How Bad Are Japanese Policies?
It seems fairly clear that at least in the area of high technology, Japanese firms receive assistance from their government. Naturally, the contentions of the SIA report may be viewed with a some suspicion; there is more than a little self-interest involved. However, the fact that Japan has targeted semiconductors and high technology generally is confirmed by independent sources that do not particularly stand to gain. For example, Wheeler, Janow, and Pepper recently concluded in a study for the U.S. State Department that
the Japanese government has an extensive network of institutions in place to provide direct and indirect support, particularly for R&D investment, to hightechnology activities and industries. Support for this network is likely to continue. . . . 
Zysman and Cohen, in a study for the Joint Economic Committee of Congress, discuss borrowing for such large projects:
The government has supplied one quarter of all funds for computer-related research and development in Japan. . . . The government has initiated major projects required to make the large technological jumps in the industry. The money served not only as an indication of government priorities, which made it easier to borrow funds for continued expansion, but absorbed part of the financial and executive risk in pursuing these sectors. . . .  American banks have lent to Japanese clients with debt levels they would not tolerate in American clients; they have perceived Japanese debt as being secured by government guarantees.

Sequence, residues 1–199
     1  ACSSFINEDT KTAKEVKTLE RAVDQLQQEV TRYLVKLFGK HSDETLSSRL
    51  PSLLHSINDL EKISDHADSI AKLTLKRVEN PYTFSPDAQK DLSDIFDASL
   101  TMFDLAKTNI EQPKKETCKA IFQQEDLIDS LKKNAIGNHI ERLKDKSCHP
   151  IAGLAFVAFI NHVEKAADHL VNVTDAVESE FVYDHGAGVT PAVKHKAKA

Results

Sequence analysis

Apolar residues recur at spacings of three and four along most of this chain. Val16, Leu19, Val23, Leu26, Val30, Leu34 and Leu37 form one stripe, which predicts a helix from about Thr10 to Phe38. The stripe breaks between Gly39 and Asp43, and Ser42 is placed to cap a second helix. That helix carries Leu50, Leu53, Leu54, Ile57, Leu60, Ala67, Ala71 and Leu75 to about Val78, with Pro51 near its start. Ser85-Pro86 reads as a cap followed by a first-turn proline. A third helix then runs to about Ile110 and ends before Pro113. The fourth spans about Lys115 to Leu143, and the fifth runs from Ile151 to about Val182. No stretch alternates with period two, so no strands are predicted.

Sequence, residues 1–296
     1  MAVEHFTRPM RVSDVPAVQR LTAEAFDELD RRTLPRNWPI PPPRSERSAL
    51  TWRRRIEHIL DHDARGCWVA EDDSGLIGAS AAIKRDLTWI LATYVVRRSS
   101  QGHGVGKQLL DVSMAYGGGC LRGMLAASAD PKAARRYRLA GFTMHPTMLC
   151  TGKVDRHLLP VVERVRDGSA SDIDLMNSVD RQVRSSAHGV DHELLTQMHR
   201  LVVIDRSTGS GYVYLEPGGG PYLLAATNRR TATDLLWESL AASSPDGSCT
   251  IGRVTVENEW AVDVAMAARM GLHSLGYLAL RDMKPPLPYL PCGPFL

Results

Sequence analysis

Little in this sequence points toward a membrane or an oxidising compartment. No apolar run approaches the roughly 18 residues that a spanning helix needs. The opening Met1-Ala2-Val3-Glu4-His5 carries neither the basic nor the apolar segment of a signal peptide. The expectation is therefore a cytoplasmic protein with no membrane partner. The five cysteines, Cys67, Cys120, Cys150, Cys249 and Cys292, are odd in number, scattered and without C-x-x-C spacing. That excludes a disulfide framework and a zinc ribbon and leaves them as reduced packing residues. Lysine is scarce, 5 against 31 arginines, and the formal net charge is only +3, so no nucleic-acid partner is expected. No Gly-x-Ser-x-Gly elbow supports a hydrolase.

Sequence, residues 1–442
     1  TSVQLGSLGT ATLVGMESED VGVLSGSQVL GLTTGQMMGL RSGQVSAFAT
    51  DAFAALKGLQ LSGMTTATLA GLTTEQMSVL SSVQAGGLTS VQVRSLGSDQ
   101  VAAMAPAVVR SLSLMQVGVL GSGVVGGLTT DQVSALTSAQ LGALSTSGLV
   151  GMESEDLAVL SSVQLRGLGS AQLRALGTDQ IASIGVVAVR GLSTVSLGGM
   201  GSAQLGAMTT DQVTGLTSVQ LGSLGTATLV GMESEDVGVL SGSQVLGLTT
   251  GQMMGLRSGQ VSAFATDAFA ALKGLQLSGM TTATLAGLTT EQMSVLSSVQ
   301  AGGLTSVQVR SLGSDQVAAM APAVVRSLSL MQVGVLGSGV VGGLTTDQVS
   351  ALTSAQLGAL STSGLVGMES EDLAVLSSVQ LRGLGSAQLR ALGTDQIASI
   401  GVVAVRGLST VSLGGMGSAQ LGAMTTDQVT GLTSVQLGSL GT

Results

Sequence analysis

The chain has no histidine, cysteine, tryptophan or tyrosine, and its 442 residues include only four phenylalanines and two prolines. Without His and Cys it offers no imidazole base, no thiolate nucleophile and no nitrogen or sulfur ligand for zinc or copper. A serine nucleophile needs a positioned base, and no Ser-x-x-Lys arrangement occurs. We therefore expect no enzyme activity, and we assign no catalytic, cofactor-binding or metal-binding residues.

It should be emphasized that government assistance, whether in financing R&D or in other areas, is no guarantee of success. The spectacular achievements of targeted industries in narrow areas tend to obscure the fact that most targeted projects have failed. Unless the project is viable to begin with--a determination better made by private entrepreneurs than government officials--and unless the scientists and managers working on it are competent and motivated, then it will not succeed, subsidies or no subsidies. Japanese high-technology firms have succeeded, where they have succeeded (and it is not everywhere), primarily because they have made the right moves at the right times.
Nevertheless, government actions that reduce costs can indeed give domestic firms a competitive advantage over foreign firms that are not so blessed. Below we will consider the proper response to such actions.
Outside the narrow targeted areas, the Japanese market is surprisingly free and open, with a minimum of government interference. A 1983 report prepared for the United States-Japan Trade Study Group reveals that although Japanese exports to the United States amount to 1.3 percent of U.S. gross national product, U.S. exports to Japan amount to 1.9 percent of Japanese GNP. Moreover, an estimated 50,000 types of U.S. goods are offered in Japan, and U.S. companies doing business there are generally more profitable than their Japanese counterparts.